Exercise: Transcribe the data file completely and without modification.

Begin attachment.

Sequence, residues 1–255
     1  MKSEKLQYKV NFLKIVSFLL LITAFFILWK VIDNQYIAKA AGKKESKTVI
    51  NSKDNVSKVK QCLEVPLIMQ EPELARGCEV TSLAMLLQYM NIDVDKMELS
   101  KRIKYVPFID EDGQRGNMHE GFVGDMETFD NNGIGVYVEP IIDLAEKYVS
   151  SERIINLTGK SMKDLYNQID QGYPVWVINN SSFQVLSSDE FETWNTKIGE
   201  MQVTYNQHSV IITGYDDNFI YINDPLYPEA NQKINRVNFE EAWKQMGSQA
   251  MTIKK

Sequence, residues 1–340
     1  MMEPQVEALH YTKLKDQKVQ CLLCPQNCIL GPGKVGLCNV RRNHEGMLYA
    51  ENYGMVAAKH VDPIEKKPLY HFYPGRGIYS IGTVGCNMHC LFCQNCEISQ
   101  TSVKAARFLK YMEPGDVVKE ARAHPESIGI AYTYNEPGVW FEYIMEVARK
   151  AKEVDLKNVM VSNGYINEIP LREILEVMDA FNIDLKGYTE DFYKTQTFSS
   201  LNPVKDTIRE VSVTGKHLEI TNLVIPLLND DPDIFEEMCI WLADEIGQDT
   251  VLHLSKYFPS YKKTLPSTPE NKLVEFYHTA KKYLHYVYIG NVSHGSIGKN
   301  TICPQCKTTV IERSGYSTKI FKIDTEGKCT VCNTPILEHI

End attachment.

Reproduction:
Sequence, residues 1–255
     1  MKSEKLQYKV NFLKIVSFLL LITAFFILWK VIDNQYIAKA AGKKESKTVI
    51  NSKDNVSKVK QCLEVPLIMQ EPELARGCEV TSLAMLLQYM NIDVDKMELS
   101  KRIKYVPFID EDGQRGNMHE GFVGDMETFD NNGIGVYVEP IIDLAEKYVS
   151  SERIINLTGK SMKDLYNQID QGYPVWVINN SSFQVLSSDE FETWNTKIGE
   201  MQVTYNQHSV IITGYDDNFI YINDPLYPEA NQKINRVNFE EAWKQMGSQA
   251  MTIKK

Sequence, residues 1–340
     1  MMEPQVEALH YTKLKDQKVQ CLLCPQNCIL GPGKVGLCNV RRNHEGMLYA
    51  ENYGMVAAKH VDPIEKKPLY HFYPGRGIYS IGTVGCNMHC LFCQNCEISQ
   101  TSVKAARFLK YMEPGDVVKE ARAHPESIGI AYTYNEPGVW FEYIMEVARK
   151  AKEVDLKNVM VSNGYINEIP LREILEVMDA FNIDLKGYTE DFYKTQTFSS
   201  LNPVKDTIRE VSVTGKHLEI TNLVIPLLND DPDIFEEMCI WLADEIGQDT
   251  VLHLSKYFPS YKKTLPSTPE NKLVEFYHTA KKYLHYVYIG NVSHGSIGKN
   301  TICPQCKTTV IERSGYSTKI FKIDTEGKCT VCNTPILEHI